red-green-blue. It is of interest, that the combination of these three can produce any other color. In addition, this is the name of the SGI image format used in the ICM commands write image and display trajectory . ICM also generates the fourth channel on top of the RGB information. This fourth number is called alpha-channel and generates the opacity index for each pixel of the image. This information is interpreted by a number of applications, i.e. the IRIX showcase and dmconvert (the SGI moviemaker). See also tif, targa, postscript.

ribbon


a graphical representation of a polypeptide chain backbone by a smooth solid ribbon. DNA and RNA can be also displayed in a ribbon style.
There are three types of elements of the ribbon display depending on the secondary structure assigned to a given residue.

Residues marked as alpha-helices ('H') will be shown by a flat ribbon, those marked as beta-sheets ('E') will be flat ribbon with an arrow-head, and the rest will be shown by a cylindrical "worm". The ICM-shell parameter GRAPHICS.wormRadius defines its radius. Default ribbon colors are defined in the icm.clr file. Note that minor secondary structure elements like 3/10 helix ('G'), Pi-helix ('I') are colored by the corresponding colors ( the threetenRibbn and piRibbon parameters in the icm.clr file), 'Y' type is colored by the alphaRibbon color, and 'L','P' and 'B' (isolated beta-residue) residues are colored by the "betaRibbon" color. DNA and RNA ribbons are colored according to the base type: A-red, C-cyan, G-blue, T or U - gold. Preference ribbonStyle allows one to display a simplified segment representation of the secondary structure elements instead of (or together with) the ribbon.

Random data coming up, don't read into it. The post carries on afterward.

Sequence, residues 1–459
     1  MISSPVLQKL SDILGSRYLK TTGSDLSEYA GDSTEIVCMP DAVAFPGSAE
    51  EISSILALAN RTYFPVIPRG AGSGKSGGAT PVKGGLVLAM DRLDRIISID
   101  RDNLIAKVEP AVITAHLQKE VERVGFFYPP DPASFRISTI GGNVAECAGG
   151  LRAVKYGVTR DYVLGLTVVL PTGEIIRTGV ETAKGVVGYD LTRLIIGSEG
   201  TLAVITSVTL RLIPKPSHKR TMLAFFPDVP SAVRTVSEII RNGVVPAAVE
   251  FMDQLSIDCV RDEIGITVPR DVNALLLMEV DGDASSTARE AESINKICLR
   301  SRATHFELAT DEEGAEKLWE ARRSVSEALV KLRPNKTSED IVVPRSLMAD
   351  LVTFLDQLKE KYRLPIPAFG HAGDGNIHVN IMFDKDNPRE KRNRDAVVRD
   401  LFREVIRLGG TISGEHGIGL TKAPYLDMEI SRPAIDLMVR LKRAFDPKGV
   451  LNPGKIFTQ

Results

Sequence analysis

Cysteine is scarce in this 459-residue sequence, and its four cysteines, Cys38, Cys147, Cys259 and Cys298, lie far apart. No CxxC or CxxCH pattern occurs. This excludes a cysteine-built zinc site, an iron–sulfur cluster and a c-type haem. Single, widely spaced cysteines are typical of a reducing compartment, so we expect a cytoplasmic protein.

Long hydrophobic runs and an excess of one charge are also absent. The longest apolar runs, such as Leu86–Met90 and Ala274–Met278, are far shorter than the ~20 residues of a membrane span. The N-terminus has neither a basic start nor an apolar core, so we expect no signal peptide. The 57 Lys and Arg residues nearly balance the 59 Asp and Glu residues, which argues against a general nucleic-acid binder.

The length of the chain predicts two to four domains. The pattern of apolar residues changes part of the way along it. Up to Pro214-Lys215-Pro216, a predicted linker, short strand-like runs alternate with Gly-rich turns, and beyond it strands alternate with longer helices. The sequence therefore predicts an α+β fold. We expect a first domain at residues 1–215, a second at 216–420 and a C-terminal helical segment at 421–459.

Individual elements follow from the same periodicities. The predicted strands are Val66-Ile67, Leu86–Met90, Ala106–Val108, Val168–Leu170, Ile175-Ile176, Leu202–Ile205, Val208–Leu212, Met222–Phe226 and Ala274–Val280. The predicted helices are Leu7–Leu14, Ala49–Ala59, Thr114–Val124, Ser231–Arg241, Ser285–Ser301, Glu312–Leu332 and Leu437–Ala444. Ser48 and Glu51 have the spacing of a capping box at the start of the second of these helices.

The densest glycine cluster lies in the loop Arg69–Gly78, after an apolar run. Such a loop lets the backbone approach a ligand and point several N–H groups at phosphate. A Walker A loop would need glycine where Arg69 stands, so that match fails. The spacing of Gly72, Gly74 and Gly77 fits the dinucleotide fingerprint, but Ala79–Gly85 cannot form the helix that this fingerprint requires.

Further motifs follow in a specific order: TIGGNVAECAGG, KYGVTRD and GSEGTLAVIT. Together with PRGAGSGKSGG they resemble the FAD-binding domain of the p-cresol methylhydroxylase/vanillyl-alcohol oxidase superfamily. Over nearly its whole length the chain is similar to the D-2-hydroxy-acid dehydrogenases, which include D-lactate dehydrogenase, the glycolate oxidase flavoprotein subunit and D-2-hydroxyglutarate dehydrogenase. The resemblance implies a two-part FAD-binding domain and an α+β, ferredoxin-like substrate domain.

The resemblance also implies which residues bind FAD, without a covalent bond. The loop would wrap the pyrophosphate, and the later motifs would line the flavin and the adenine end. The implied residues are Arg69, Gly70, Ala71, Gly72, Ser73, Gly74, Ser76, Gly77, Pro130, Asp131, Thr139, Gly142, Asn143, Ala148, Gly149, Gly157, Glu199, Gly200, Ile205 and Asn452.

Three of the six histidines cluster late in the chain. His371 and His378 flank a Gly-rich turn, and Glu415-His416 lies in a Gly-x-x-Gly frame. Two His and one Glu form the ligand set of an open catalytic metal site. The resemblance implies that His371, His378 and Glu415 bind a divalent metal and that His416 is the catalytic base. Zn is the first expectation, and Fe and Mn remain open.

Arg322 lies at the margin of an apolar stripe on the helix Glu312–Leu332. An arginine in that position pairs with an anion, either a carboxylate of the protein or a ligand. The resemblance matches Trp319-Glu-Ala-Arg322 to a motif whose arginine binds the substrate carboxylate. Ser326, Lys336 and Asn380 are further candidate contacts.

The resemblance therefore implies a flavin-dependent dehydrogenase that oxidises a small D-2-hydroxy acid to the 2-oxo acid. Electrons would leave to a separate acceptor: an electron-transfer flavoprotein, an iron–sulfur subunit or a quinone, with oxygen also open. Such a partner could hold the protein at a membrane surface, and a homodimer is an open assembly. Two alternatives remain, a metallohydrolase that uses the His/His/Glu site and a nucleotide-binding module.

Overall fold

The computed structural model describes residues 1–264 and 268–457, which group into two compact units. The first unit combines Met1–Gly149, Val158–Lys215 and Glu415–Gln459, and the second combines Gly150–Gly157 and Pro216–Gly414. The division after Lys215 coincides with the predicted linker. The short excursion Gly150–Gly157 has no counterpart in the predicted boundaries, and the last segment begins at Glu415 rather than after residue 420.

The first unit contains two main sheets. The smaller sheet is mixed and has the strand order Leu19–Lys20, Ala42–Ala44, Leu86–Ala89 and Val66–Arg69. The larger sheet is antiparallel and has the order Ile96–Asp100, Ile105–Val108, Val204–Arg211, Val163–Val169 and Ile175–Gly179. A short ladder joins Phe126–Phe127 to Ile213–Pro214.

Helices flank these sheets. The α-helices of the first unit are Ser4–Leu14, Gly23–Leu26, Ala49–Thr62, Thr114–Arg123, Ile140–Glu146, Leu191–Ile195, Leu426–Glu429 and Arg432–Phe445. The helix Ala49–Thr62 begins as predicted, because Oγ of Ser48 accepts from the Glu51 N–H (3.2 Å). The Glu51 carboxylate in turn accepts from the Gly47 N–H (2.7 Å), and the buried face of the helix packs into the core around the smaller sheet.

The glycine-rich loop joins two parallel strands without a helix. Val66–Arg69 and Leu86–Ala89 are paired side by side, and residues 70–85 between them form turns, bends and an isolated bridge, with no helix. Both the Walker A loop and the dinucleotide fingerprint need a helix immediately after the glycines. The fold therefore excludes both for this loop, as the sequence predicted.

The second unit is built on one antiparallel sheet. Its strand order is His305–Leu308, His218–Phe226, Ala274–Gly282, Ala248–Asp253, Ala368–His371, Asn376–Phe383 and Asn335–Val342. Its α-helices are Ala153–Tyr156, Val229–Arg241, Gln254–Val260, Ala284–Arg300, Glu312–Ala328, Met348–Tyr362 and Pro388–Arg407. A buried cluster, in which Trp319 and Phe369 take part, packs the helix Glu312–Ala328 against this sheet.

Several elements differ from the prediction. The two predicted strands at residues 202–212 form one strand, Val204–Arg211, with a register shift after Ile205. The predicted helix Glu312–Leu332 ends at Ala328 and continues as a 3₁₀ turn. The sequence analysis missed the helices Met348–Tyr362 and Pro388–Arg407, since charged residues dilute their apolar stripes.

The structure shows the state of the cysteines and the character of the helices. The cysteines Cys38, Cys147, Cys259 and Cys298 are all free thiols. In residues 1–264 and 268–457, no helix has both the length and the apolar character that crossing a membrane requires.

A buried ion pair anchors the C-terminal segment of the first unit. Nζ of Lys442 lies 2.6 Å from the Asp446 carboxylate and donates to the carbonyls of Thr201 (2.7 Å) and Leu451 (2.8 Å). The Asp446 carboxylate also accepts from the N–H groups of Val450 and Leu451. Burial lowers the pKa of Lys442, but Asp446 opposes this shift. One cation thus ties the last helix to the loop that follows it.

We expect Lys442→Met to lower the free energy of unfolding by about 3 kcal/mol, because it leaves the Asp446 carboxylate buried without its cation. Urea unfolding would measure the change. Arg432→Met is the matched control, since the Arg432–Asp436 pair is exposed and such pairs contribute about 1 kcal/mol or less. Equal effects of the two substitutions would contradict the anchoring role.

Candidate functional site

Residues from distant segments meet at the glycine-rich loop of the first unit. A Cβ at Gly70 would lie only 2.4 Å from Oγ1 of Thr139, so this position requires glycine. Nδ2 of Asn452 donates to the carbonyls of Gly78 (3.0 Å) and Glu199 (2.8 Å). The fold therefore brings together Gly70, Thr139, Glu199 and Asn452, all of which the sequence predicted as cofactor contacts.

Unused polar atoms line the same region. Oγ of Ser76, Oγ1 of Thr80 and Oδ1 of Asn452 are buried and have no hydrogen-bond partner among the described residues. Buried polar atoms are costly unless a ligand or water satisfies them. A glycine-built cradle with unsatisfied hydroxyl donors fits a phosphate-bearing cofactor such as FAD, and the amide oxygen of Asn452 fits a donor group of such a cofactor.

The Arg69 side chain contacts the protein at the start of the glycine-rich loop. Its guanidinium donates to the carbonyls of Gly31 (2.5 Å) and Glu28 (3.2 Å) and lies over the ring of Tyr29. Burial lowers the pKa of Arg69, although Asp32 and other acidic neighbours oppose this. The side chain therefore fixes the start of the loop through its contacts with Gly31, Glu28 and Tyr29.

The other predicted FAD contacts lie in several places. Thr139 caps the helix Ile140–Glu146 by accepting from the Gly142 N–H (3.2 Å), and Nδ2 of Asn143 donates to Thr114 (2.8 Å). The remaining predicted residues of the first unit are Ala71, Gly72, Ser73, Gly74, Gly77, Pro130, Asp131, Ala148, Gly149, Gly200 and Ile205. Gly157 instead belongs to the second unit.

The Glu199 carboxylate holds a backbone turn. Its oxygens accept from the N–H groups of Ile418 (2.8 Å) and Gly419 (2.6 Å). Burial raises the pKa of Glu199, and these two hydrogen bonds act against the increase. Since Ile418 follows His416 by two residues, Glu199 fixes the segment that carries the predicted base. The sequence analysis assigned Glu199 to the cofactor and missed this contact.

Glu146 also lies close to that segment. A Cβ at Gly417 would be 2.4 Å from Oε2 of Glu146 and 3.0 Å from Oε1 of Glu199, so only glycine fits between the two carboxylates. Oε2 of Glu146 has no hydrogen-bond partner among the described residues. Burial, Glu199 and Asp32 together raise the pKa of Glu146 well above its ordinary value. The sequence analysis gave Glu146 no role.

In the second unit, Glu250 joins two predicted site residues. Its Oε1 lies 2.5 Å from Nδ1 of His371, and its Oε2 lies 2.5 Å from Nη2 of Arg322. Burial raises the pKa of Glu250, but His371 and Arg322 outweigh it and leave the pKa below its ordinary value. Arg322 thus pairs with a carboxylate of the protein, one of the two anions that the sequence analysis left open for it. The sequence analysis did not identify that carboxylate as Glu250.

If the polypeptide chain has a break (missing residues) the ribbon shows bullets or nothing depending on the GRAPHICS.chainBreakStyle .
The DNA/RNA ribbons consists of two parts the backbone ribbon and the bases shown with the sticks and balls. To selectively display and undisplay the bases, you can do the following:
Example:

 
 read pdb "1dnk"         # contains 2 dna mol. 
 display ribbon a_1.2,3  # both bases and backbone 
 undisplay ribbon base a_1.2    # bases disappear 
 display ribbon base only a_1.2 # only bases 
 display ribbon a_1.2,3 yellow  # both bases and backbone 
 color ribbon a_1.3 magenta     # the second chain backbone 
 color ribbon a_1.2,3 bases     # default by base type 
 cool a_  # cool is a rich macro. View the whole thing 
See also: